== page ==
Precision Guitar 59 Carved Top Kit
I build my idea of a classic 50’s Super Guitar
Text, photos and video by Tom Hintz
Posted – 10-8-2012
The folks at Precision Guitar Kits got their start building bodies and necks exclusively for guitar builders. Then word got out about their products and the guitar players themselves started buying the parts to build their own instruments. It didn’t take long for the demand for Precision Guitar Kits to grow to where it can be difficult to get one of their kits without a bit of a wait.
The Precision Guitar Kits 59 Carved Top I based my Super Guitar on is loosely patterned around a well-known classic guitar shape but with a bunch of Precision Guitar tweaks developed over the years to give it their own style and function.
The body arrives completely formed and routed for the normal two Humbucker pickups, four control dials and the 3-way selector. The body is made from solid mahogany, a traditional tone wood for guitars used by all major manufacturers and builders. The top of the body has been laminated with a solid piece of Maple that has been carved for a very attractive and comfortable-playing shape.
The body is drilled for bridge and tailpieces using the common bushings with a 7/16” (11.3 mm) diameter. The bridge post spacing is 2.903" or 74.5 mm and the tailpiece post spacing is 3.25" or 82 mm. Both are very popular dimensions for a wide range of aftermarket pieces.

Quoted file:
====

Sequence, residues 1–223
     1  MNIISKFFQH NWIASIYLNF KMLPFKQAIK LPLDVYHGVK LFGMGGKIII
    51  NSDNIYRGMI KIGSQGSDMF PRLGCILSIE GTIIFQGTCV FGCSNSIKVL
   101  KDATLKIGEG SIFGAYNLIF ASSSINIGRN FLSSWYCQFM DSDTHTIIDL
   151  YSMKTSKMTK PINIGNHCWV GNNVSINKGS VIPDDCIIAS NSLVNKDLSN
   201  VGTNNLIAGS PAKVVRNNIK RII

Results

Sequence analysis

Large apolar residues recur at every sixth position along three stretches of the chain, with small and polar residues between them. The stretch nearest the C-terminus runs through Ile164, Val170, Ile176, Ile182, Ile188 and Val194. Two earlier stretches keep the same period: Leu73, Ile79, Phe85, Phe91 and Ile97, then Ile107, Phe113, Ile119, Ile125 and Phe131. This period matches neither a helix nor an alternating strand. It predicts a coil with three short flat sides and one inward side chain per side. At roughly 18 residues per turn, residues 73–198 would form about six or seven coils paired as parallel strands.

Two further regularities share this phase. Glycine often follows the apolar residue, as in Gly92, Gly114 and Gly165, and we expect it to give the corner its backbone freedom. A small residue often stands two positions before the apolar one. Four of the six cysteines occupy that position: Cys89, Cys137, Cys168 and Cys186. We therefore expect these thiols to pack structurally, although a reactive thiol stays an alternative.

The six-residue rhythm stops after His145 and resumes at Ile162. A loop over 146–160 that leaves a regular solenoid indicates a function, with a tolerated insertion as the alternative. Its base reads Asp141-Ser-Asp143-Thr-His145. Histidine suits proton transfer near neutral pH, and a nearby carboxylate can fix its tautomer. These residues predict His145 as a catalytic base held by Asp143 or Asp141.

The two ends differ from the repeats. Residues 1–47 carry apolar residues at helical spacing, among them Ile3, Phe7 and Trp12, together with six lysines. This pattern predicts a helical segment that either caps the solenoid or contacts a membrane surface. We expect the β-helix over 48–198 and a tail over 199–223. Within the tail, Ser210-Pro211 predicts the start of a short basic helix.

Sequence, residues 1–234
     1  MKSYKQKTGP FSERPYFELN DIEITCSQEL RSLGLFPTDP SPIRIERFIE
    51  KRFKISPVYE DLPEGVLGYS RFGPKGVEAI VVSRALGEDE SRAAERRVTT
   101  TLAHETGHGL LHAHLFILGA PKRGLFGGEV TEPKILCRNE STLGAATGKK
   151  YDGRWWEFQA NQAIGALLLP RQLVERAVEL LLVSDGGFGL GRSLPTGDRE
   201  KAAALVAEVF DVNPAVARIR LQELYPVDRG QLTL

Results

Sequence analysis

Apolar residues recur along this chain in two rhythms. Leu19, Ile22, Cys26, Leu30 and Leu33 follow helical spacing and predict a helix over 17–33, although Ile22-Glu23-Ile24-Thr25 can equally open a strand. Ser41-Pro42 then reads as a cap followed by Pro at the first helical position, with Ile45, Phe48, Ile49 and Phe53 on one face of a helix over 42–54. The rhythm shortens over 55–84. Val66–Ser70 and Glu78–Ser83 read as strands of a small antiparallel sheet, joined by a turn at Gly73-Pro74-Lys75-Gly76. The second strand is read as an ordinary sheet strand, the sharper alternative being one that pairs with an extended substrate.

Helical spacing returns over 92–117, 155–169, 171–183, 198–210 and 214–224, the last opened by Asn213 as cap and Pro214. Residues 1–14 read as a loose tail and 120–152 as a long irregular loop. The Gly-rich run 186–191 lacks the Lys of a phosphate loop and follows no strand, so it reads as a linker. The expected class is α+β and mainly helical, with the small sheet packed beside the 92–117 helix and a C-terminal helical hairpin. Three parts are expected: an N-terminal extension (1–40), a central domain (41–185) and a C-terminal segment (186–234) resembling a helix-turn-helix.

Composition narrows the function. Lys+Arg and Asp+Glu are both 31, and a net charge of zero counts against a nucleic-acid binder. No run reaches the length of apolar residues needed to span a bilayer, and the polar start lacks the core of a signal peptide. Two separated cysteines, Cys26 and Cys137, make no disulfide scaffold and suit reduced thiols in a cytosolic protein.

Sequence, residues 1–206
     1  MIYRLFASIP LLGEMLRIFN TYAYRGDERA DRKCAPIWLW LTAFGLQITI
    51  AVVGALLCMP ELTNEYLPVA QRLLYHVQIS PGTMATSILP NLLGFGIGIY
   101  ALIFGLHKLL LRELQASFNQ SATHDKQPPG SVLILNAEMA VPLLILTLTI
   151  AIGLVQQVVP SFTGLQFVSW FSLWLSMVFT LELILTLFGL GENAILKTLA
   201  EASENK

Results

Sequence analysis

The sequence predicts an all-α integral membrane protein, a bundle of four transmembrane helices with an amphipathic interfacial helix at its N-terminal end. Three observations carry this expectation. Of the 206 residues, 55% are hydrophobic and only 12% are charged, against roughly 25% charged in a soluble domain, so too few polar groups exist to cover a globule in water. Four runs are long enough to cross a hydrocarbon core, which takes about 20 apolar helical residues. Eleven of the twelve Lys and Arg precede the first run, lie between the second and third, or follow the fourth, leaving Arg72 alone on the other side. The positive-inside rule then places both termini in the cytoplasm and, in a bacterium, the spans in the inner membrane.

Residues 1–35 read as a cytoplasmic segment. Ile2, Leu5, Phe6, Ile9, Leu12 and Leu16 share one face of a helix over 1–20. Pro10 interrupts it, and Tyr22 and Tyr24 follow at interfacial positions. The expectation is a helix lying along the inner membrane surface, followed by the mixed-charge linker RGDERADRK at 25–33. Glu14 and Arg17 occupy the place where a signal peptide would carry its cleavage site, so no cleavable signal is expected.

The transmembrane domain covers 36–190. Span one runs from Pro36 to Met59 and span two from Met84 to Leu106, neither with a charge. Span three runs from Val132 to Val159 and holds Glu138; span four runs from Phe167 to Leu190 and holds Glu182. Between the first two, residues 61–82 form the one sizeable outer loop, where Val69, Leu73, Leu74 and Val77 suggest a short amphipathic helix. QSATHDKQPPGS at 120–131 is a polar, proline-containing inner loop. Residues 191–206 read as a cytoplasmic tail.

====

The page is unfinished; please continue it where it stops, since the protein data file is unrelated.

The channels within the body for the wiring are generously sized to make pushing the normal array of wires through them easy. The main wire chase intersects the lower bridge bushing hole so you can get the ground wire there secretly. The bottom of the hole actually has a step because of the wire chase passing through it. For many bushing lengths that step gives you a perfect place to wad up the bare end of the ground wire to be sure of contact with the bushing when fully installed. But, check this dimension with your bridge before counting on it!
The neck is made from a single chunk of quarter-sawn mahogany with a Maple veneer on the headstock. It has an ebony fretboard with a 12”-radius that sports the familiar trapezoid inlays. The slot for the nut is 1 11/16”-wide and the 22 frets are made from Jescar Medium Jumbo Fret Wire (.100” x .045”). The neck has the desirable 60’s medium “C” profile that tapers from .8" thick at the first fret to .885" thick at the twelfth 12th fret. The neck has an angle of 4.4-degrees and the headstock is at a 13.5-degree angle. The scale length is 24 ¾” which is pretty standard for this style of guitar.
The neck uses a precisely cut long tenon (notched to clear the pickup) that fits into an equally precise pocket in the body. The fit of this mortise and tenon joint is just this side of size-on-size. When inserted fully into the mortise the neck has no wobble at all. This is a crucial feature that is handled very, very well by Precision Guitar.
Finishing and Assembly
Before getting started with finishing I test fit the major components and discovered that my control pots didn’t quite fit through the provided holes. Admittedly my pots are “heavy-duty” so opening the holes slightly was not unexpected or difficult. The pickups, three-way switch and output jack all fit the routes and provided holes.